Subject: Re: Bounty for Bugs in Open Source Projects?
From: Joe Corneli <jcorneli@math.utexas.edu>
Date: Mon, 18 Apr 2005 18:08:09 -0500


   There is quite a lot of software that people would like to develop,
   the skill is available, the personal interest is available, and people
   would like to use it, but it's _not_ being developed as free software.
   The question is: how can we better bring these interests together, so
   that more of it is.


My current point of view is that free software is very _educational_.
(Writing free software is what I'm doing instead of finishing a
graduate degree.)

But at the University, everyone has money in their hands, either to
pay with, or that they are being paid with.  Where are the
scholarships for studying free software?  Nowhere I've seen.  But at
least there isn't any tuition, either.

By the time the "student" has gotten to the point where he or she can
write code that could sell (maybe), only the first hurdle has been
crossed.  This "graduate" must become an entrepreneur.  

Presumably, as a student, some coding goals were imagined - the sort
of thing that might go on the left-hand-side of a reverse bounty.  But
the world may have gone in a different direction; the world is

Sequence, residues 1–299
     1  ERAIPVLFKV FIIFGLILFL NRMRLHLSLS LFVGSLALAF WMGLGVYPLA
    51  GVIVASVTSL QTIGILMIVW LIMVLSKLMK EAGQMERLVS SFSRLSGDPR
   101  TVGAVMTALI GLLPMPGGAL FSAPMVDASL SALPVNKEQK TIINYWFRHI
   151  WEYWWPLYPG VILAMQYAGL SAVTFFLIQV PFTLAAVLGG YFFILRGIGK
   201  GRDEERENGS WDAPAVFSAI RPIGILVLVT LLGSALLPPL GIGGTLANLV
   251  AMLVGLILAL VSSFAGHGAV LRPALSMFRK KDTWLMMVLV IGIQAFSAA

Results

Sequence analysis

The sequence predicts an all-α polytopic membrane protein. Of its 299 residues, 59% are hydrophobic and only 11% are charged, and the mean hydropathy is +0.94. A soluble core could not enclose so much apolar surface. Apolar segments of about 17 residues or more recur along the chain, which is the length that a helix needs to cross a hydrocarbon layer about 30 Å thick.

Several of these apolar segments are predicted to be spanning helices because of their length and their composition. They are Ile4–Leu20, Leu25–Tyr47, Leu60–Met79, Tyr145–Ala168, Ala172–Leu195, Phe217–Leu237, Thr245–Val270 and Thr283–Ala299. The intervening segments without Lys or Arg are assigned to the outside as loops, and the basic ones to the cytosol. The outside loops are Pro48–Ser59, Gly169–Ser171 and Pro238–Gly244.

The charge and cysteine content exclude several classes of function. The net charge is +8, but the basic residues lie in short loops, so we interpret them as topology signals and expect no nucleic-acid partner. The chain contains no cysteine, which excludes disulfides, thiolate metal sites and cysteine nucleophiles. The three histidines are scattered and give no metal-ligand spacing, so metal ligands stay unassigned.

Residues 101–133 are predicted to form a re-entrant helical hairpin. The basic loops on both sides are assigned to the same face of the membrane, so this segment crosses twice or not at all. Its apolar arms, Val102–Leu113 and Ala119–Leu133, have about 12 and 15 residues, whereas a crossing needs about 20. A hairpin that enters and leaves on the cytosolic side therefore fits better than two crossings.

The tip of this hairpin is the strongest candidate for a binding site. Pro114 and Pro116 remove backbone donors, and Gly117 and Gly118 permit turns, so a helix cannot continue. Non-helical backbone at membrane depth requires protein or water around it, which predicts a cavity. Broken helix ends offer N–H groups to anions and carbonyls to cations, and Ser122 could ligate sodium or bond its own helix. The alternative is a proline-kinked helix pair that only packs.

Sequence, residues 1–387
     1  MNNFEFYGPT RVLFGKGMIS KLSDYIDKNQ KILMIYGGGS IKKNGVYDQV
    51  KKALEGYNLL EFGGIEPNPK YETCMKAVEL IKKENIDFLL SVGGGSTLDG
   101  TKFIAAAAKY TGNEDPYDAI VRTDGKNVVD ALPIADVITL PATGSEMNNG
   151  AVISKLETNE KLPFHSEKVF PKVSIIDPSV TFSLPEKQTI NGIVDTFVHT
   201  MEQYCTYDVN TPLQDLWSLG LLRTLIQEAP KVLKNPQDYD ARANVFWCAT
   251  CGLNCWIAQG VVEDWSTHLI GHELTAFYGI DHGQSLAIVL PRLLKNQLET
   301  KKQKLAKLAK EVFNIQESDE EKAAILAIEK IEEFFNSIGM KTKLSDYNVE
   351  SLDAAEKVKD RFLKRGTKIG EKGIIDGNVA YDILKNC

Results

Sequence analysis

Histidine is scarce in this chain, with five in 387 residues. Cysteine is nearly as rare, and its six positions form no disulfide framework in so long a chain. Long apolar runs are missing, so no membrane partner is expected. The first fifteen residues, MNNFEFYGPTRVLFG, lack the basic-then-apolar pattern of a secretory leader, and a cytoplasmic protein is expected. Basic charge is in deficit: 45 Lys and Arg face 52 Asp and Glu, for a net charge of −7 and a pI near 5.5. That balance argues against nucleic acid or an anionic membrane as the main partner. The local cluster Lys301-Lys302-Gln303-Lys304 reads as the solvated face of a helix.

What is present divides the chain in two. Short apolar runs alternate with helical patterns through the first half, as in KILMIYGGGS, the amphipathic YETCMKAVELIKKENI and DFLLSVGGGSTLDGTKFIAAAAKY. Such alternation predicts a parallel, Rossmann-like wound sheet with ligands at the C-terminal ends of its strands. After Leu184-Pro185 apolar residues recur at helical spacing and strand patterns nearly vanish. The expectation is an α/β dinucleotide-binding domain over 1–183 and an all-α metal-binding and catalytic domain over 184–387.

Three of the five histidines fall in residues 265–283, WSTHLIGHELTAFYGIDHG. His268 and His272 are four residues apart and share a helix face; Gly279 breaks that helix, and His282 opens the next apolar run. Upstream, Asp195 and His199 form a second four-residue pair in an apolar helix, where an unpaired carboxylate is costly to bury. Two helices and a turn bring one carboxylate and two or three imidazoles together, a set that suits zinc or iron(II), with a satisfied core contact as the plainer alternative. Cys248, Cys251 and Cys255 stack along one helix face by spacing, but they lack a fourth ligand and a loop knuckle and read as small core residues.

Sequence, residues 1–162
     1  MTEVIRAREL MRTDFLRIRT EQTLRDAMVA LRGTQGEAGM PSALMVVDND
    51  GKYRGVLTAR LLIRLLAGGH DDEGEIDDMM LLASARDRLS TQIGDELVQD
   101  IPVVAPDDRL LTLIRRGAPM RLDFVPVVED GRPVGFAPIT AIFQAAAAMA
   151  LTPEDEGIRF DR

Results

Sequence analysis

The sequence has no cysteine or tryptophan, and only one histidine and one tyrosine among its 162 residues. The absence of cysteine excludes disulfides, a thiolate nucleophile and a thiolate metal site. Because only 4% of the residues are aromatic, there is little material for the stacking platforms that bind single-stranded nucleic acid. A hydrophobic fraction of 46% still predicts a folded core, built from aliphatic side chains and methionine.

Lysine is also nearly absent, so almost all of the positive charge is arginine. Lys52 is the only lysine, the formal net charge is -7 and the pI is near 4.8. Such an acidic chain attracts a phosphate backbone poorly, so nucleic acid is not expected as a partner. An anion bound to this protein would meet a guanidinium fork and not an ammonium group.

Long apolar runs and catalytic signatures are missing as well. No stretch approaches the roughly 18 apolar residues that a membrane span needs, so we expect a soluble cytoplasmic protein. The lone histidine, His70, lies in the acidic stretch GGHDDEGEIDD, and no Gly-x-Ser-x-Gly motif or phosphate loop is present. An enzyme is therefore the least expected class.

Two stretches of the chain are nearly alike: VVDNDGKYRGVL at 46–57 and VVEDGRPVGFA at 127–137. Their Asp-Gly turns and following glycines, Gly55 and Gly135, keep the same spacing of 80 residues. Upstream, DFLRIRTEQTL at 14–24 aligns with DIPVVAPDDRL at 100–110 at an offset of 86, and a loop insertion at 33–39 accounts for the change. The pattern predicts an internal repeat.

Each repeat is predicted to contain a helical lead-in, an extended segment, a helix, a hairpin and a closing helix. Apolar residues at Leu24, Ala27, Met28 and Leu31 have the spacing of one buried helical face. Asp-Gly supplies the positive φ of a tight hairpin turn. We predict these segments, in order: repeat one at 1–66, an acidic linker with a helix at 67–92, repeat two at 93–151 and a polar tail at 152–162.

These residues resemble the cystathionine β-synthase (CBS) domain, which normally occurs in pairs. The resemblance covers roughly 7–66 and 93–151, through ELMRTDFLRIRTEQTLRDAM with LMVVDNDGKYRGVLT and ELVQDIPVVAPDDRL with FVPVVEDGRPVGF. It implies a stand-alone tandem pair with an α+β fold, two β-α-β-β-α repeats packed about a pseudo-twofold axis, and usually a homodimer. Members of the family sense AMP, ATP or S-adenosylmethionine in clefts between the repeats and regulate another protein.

offering forward bounties for a completely different set of things
(which are often _not_ free software at all).  Like any entrepreneur,
free software novice must make choices.  More than likely, the choice
will be to "go back to school" and continue to work on interesting
un-paid programming projects.

Eventually, perhaps something is finished - and the novice (half
starving, now) has to figure out whether to give it away, or try to
charge for it.  Perhaps this experiment should to be done some more,
but I assume the usual outcome is that the novice, wishing at least as
much for recognition as for income, will crumble, and simply give away
the code, and the "market" will gobble it up and not even leave a $.50
tip.

A potentially better (and more socialistic) way to go would be to
establish a Free Software University that gets governmental and
industry grants, and which is set up to sponsor the _scholarship_ of
its participants, from beginning (once they know that this is the
career they want) to end (retirement).

Perhaps there are some clever folks who can make the "real" university
into a place like that.  So far, I have not been anywhere near that
clever.  Code does not follow the same rhythms that the established
programs follow.

Perhaps the Free Software University would be best set up sort of like
Morpheus's goon squad from "The Matrix" universe.  What we need is a
supply of monocellural protein paste to pay hackers with.  Oh yes, and
some way to cover rent.

Our only other option is to help the novice hacker... in that moment
of crisis... figure out how to actually start getting paid (according
to a more capitalistic model).  

Or perhaps the test (by fire) is to see whether the hacker will
continue to give away good code.  Enough of that behavior, and
"society" will probably begin to see that it is worth sending some
support.